Applications of Chess Theory Geller

March 24, 2017 at 12:55 am Leave a comment

Written in 2010.

This happens to be by my bed at the moment.

Geller’s career spans decades and he is one of those players more than capable of beating world champions – he has a plus score against most he has played – but I’m guessing could never become a world champion because he did not excel at match play. He had more than one terrible trouncing at this form of the game.

But I think we can say of chess more than of any sport, that there is no room at the top. To become world champion at chess is so hard! At the moment we are watching this fabulous tussle between Anand and Topalov. Geller’s description of his ongoing duel with Gligoric brings to mind the role of the Catalan in this match:

Quite often the chess world witnesses some curious creative duels which sometimes last for several years. They proceed according to the following typical scheme. Two players have played a game. On meeting each other again, they choose the same variation, without any prior agreement, of course, thus adding a psychological struggle to the purely chess struggle. Over each of them, like a sword of Damocles, hangs the anxious thought: why is the opponent repeating the previous game? On what move has he prepared a surprise, and has he in fact prepared one? Should I wait for the unpleasant surprise, or should I be the first to deviate from the familiar path? And if I deviate, then when and how?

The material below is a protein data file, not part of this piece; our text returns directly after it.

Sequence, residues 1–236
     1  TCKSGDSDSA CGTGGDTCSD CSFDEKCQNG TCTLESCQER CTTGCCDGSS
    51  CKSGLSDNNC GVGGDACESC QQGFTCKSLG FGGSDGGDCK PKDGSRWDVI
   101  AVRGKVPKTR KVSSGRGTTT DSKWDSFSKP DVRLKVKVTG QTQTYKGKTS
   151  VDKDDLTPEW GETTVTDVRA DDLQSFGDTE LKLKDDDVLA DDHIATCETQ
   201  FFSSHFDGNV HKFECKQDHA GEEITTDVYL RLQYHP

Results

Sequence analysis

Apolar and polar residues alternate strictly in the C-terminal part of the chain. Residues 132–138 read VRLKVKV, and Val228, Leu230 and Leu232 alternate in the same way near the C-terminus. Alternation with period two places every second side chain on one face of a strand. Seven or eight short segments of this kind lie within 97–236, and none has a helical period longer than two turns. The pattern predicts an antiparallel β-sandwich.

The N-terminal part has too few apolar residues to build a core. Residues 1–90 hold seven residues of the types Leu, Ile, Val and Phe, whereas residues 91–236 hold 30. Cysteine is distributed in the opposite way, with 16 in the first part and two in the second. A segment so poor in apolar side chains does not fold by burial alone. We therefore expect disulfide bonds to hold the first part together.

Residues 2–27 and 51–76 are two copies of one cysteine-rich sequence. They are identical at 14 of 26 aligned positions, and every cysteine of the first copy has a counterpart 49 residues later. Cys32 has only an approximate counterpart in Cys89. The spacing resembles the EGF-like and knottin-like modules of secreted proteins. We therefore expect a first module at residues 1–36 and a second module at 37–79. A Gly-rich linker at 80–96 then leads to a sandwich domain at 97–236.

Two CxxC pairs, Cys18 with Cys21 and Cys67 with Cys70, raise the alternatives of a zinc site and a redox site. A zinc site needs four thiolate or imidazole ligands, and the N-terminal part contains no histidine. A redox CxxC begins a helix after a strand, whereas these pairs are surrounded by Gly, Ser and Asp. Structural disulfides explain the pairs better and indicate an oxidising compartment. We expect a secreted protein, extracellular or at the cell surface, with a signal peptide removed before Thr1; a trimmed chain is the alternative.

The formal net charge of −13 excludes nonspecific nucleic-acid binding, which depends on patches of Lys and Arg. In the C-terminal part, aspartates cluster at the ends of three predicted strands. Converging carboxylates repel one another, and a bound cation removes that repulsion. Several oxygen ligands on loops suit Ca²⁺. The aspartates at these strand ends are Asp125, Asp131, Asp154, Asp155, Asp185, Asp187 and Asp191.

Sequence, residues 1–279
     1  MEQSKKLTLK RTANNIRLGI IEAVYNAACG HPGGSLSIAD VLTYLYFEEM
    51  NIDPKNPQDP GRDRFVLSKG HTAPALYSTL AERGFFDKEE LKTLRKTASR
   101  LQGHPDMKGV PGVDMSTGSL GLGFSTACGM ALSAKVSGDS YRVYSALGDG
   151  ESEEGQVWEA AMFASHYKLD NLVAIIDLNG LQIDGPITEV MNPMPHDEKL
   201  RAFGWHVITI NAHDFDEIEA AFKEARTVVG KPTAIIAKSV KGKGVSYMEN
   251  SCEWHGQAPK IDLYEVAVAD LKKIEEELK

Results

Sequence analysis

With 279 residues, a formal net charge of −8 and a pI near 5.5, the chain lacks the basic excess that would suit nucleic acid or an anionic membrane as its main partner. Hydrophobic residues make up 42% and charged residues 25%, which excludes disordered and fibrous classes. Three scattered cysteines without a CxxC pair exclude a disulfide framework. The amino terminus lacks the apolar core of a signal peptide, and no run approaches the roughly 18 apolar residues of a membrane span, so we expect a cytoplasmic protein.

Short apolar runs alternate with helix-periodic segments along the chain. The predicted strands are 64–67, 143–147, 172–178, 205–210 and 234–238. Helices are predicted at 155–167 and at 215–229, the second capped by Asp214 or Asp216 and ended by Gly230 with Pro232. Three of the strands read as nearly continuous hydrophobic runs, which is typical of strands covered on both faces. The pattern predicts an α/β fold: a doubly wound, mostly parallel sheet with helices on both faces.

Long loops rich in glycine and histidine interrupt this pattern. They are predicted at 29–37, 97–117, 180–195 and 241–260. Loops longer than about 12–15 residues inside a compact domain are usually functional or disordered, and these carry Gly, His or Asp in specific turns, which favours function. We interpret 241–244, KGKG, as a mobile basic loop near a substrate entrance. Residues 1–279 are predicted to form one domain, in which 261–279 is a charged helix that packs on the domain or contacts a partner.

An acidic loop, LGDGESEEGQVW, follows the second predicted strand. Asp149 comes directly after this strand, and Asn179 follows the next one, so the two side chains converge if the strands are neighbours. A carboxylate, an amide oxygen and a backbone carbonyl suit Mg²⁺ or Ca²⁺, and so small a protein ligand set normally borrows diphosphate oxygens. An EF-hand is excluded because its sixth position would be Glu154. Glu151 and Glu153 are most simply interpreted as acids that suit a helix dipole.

One can add that the mere kibitzer shares in this anxious excitement. Is Anand going to play the Catalan yet again? Has Topalov a new response? Tomorrow there is another game. Anand has just lost with black so will he retreat to the Catalan? The comfort of something he has a plus score with so far – 2.5/3 – would have to be tempting him. He bounced back from such a situation in game two employing it. I’m guessing he’s going to try it again….


Entry filed under: chess.

Bad chess in the movies Iran, head-covering, chess.

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